and marble yield up their royal prisoners, and all the captives of death awake and start into life, at the voice of the Son of God. Amidst all these scenes of surprise and horror, with how serene a countenance, and how peaceful a soul do the saints awake from their beds of earth? Calm and serene among all these confusions, they arise from their long slumber and go to meet their returning Saviour and their friend. They have seen him in the glass of his gospel, submitted to his laws and rejoiced in his grace, and they now delight to see him face to face in his glory. They have seen him vested with his commission of mercy, they have heard and received his message of goodness and love, and they cannot but rejoice to see him coming to fulfil his last promises. They have chearfully subjected themselves to his government here on earth, they have followed him in paths of holiness through the wilderness of this world, and what remains but that they be publicly acknowledged by Jesus the Judge of all, and follow him up to the place of blessedness, which he hath prepared for them.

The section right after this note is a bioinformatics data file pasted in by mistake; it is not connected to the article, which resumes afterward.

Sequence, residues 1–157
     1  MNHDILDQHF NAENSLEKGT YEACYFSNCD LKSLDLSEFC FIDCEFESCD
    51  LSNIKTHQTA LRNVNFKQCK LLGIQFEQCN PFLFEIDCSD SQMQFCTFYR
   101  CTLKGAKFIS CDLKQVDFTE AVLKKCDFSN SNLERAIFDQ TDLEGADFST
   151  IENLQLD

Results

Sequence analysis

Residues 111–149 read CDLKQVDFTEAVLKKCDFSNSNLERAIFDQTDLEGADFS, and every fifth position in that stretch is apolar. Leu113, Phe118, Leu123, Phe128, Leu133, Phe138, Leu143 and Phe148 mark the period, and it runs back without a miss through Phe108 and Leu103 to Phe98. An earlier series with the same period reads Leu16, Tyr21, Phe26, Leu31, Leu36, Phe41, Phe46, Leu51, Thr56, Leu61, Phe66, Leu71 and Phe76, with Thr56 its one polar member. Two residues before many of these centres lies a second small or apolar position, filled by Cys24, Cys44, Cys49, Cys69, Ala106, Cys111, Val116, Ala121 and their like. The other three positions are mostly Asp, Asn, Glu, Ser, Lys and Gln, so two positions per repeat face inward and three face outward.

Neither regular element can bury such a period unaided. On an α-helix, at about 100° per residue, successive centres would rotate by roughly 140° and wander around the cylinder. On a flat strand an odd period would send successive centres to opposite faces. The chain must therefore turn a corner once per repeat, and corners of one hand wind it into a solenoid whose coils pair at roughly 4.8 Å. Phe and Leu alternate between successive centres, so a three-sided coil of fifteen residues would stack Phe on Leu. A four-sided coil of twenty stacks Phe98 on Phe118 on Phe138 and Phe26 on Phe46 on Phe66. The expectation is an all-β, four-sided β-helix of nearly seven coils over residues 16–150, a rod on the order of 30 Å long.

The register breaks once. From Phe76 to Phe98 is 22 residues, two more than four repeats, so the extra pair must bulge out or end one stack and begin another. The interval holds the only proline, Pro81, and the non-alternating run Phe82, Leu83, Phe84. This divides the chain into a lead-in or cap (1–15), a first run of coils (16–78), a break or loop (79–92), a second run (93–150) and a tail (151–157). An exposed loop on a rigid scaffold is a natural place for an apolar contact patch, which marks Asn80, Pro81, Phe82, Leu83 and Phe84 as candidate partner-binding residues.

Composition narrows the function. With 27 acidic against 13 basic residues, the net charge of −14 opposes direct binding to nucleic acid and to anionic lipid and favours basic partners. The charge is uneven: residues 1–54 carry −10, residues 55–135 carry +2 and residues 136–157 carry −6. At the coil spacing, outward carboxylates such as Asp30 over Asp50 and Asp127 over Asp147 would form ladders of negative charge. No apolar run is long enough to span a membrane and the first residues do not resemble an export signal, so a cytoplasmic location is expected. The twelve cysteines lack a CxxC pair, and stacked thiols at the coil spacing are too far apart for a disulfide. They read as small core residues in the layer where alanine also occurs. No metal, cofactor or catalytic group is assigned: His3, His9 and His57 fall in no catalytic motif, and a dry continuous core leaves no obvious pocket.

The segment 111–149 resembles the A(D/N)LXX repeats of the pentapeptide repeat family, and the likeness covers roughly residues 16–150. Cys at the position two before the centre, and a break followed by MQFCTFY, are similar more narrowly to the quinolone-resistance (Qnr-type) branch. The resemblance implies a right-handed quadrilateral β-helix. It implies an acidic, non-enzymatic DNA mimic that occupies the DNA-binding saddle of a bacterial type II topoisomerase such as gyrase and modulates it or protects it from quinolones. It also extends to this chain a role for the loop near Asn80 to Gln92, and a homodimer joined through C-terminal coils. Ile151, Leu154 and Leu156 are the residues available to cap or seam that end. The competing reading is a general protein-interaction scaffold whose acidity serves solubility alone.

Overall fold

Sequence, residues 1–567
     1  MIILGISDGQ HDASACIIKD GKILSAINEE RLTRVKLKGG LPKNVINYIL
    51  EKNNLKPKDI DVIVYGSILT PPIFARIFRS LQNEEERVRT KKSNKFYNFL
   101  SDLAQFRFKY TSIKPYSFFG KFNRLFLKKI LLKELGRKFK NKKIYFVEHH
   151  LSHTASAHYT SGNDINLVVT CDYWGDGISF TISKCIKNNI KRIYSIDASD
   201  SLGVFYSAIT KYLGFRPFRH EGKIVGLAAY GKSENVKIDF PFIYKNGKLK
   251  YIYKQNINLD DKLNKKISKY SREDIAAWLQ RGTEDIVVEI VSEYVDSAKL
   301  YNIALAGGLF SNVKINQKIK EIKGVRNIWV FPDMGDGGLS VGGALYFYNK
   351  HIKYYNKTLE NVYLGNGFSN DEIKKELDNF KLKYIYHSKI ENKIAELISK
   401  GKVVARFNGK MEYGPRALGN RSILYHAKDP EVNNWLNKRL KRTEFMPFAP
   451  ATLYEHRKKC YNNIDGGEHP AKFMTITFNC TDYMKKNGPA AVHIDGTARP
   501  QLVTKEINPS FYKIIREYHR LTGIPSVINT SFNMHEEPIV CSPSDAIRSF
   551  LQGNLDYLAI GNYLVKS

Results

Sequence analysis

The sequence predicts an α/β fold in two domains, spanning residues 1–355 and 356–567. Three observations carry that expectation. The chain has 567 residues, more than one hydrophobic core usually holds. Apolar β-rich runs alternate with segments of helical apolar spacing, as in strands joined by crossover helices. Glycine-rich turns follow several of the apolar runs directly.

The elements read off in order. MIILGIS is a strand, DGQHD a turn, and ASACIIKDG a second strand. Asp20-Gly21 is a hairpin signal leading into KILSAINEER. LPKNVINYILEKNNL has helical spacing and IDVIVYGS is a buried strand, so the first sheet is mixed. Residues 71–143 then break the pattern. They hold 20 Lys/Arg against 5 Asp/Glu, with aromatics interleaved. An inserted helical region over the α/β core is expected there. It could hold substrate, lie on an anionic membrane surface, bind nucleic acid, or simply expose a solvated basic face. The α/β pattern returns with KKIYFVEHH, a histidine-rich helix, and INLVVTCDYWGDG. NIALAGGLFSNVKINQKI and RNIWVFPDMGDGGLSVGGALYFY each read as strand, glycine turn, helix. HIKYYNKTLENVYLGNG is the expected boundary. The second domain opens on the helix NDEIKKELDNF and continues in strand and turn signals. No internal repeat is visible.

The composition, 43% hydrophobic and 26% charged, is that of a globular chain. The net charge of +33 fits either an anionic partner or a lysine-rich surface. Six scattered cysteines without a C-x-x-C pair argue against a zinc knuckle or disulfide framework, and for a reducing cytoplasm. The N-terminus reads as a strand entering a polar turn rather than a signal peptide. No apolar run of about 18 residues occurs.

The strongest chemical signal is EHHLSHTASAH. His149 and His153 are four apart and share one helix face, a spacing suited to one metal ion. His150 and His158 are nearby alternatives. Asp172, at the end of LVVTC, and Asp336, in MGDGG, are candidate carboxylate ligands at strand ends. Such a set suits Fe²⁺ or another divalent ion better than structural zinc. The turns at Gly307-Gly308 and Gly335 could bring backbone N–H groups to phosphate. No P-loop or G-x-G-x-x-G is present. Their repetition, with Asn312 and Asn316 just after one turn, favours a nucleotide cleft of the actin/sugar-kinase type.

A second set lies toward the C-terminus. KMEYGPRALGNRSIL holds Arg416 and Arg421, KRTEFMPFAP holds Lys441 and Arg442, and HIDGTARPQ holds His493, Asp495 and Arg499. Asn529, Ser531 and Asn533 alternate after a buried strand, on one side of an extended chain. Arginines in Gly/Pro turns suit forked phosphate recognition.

Perhaps, some of these holy ones, in the days of his flesh, were banished from the cities and the societies of men for the. sake of Christ, they were driven out from their native towns, and foreed to seek a shelter in solitary dens and caves, among rocks and mountains, to wander through desarts in sheep-skins and goat-skins, destitute, afflicted, tormented; Heb. xi. 31. they made the clefts of the rock, and caverns of the earth their refuge from the face of their cruel persecutors: The mountains and rocks sheltered them from the wrath of princes, and the dark grottos of the earth, and the dens of wild beasts concealed them from the rage of men, from the sword of the mighty; but now the scene is gloriously changed, the martyrs and holy confessors, awaking from their graves, exult and triumph in the smiles of their Judge, and receive public honours before the whole creation of God. They behold the infinite consternation of haughty tyrants and persecuting princes, of proud generals and bloody captains in that day: They hear them "call to rocks and mountains to hide them from the face of him that sits upon the throne, and the Lamb." The authority and regal honour of the emperors of the earth, hath long slept in the dust, but it is lost there for ever; their glory shall not awake nor arise with them: Behold the mighty sinners who have been the enemies of Christ, or negligent of his salvation, how they creep affrighted out of their shattered marbles, and leave all that pomp and pride of death in ruins, to appear before God with shame and everlasting contempt. The men of arms, the captains and sons of valour, whose swords lay under their heads, with their trophies and titles spread around them, shall raise their heads up from the dust with utmost affright and anguish of spirit: Their courage fails them